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Mom and Baby Doing Well as MCCC Nursing Program Welcomes Its Latest Simulator


From left, student nurses Kaitlyn Blair and Jenn Koehler assist with the birth while Nursing faculty member Angelique Simmonds and guests look on.

Mother and baby are resting comfortably.

The Medical-Surgical Unit in Viking Medical Center houses two adult Sims.

Professor Lisa Dunn describes symptoms of a Sim burn patient in the Medical-Surgical Unit.

From left, in the control room during the open house are President Jianping Wang, Nursing fauclty member Maria Molle, and PTA faculty member Holly Kaiser.

West Windsor, N.J. – Nursing students, faculty and staff at Mercer County Community College (MCCC) celebrated the arrival of Dolores Sim and her newborn baby, Kai, to Viking Medical Center on April 17. Kai came into the world amid applause and cheers as part of an open house of the college’s two simulated hospital rooms. Staffing the maternal-child unit during the event were two nursing students, Jenn Koehler and Kaitlyn Blair, while faculty member Florence Lee ran the Sim software from the adjacent control room.

According to Director of Nursing Elizabeth Mizerek, MCCC’s newest simulator is a maternity patient who goes through every stage of labor – from contractions right through delivery and possible post-partum complications. The room is a realistic care setting for both Dolores and several Sim children, including an infant. 

“Dolores provides simulation experiences that give students a high level of hands-on learning,” Mizerek told the assembled guests. “Students can get as close as possible to the real birthing experience and must often make quick decisions that affect the patient’s health. The classroom is the time where they can learn proper responses to medical symptoms without risk to actual patients.”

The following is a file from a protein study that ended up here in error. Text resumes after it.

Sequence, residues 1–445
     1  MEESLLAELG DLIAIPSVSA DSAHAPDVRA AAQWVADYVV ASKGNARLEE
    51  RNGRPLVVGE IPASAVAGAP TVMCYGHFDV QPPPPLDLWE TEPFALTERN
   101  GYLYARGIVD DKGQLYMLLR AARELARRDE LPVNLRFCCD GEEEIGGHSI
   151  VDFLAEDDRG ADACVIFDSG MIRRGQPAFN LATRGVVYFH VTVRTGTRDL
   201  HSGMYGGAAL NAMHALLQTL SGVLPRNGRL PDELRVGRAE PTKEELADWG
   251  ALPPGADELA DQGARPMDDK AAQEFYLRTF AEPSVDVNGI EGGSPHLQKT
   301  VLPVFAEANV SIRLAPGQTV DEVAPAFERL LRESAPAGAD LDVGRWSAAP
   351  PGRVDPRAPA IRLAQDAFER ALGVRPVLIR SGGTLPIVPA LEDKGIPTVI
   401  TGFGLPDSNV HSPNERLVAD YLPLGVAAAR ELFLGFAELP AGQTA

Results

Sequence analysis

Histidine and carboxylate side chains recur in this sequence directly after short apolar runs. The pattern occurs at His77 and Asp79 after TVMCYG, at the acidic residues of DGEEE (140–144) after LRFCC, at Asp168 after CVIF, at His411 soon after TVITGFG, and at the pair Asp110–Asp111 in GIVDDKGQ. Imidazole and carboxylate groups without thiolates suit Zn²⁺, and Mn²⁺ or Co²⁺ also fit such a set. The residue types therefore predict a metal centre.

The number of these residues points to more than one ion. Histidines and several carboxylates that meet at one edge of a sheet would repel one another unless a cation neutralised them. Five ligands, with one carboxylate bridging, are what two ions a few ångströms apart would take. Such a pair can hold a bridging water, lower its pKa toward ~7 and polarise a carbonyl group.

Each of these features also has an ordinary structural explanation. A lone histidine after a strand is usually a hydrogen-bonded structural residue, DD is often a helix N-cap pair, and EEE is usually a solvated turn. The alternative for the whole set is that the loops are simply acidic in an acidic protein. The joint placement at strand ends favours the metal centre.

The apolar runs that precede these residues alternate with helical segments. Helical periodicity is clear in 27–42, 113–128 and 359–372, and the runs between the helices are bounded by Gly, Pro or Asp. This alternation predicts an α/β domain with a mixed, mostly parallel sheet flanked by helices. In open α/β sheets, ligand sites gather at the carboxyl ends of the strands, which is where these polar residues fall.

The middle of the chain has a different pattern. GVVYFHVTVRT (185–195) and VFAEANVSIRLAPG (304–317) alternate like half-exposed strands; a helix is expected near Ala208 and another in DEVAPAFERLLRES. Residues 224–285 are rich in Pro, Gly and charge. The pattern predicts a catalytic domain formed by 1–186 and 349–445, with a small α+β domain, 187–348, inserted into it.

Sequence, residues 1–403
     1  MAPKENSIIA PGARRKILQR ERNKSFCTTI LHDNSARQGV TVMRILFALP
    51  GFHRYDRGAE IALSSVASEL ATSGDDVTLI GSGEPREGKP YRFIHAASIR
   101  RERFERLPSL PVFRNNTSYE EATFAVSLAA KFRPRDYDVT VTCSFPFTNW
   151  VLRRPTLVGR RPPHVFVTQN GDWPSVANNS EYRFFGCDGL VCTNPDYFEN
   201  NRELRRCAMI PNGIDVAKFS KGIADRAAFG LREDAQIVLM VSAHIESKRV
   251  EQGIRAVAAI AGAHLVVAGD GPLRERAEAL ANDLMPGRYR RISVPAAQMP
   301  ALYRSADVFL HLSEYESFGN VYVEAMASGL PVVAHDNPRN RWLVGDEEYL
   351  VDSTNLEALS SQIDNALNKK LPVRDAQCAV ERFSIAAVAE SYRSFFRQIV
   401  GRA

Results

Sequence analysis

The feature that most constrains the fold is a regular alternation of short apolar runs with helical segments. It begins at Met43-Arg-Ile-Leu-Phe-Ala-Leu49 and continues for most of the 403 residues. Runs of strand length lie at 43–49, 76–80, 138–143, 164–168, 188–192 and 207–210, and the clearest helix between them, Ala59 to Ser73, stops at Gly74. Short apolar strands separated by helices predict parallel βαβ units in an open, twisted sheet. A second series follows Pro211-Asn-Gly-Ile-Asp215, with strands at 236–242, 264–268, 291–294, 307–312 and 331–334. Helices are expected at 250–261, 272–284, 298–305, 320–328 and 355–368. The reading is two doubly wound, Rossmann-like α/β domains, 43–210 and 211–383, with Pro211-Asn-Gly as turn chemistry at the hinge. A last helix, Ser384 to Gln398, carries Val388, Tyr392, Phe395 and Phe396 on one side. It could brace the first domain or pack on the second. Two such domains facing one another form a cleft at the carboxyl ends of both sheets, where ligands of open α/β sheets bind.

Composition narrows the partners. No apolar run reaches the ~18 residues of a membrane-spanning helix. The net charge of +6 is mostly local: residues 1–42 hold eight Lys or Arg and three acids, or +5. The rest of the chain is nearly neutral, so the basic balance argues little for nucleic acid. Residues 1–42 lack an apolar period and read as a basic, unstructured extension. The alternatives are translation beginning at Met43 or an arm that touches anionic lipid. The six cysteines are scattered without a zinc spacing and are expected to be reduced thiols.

Koehler, who has been working with Dolores for three weeks, said the Sim mom has provided excellent training. “Sometimes the birth is easy. Other times, things can go wrong. Last week, she started hemorrhaging after the birth. It can feel like an emergency room experience, depending on what comes at us.” During labor, Dolores emits realistic-sounding moans and groans. Students must also watch her vital signs on a hospital monitor.

Many visitors arrived at the open house with gifts of infant items that will be donated to HomeFront, a Mercer County non-profit organization that assists families to escape homelessness and poverty. The new unit is dedicated to HelenMarie Dolton, who founded the MCCC Nursing program 50 years ago. The Sim Mom was purchased through a $64,000 Perkins grant.

A second simulation classroom opened in 2015 and houses two additional adult Sim patients, Alex and Riley. The names are gender neutral because anatomical parts can be switched out to change the gender as needed. The medical surgical unit enables student nurses to demonstrate complete care of patients in concept-based simulation scenarios. 

Mizerek notes that Viking Medical Center has the ability to run multiple simulators at one time.“This helps students to think critically and prioritize patient care needs, just like they will have to do in the hospital setting,” she said. Simulations can be recorded or broadcast live to other classrooms to give more students an opportunity to observe and participate in simulation learning activities.

After each simulation exercise, faculty members guide students through a structured debriefing session to re-examine what took place. “We want to strengthen the link between theory and practice,” Mizerek said, adding that the de-briefing session is often as long or longer than the scenario itself.

She was proud to note that graduates of the MCCC Nursing program are succeeding in high numbers after graduation. In the most recently available statistics, 93 percent of graduates have passed the N-CLEX licensing exam, far above the national average.

Viking Medical Center supports learning for all students in the Health Professions division and allows for interdisciplinary learning assignments among students from different programs. “Students have the opportunity to learn about, from and with each other to enable effective collaboration in caring for patients,” Mizerek said.

In addition to Nursing, MCCC's Health Professions programs include Physical Therapist Assistant, Radiography, Medical Laboratory Technology, Occupational Therapy Assistant, Respiratory Care, Exercise Science, Health Science, Public Health and Medical Office Assistant.

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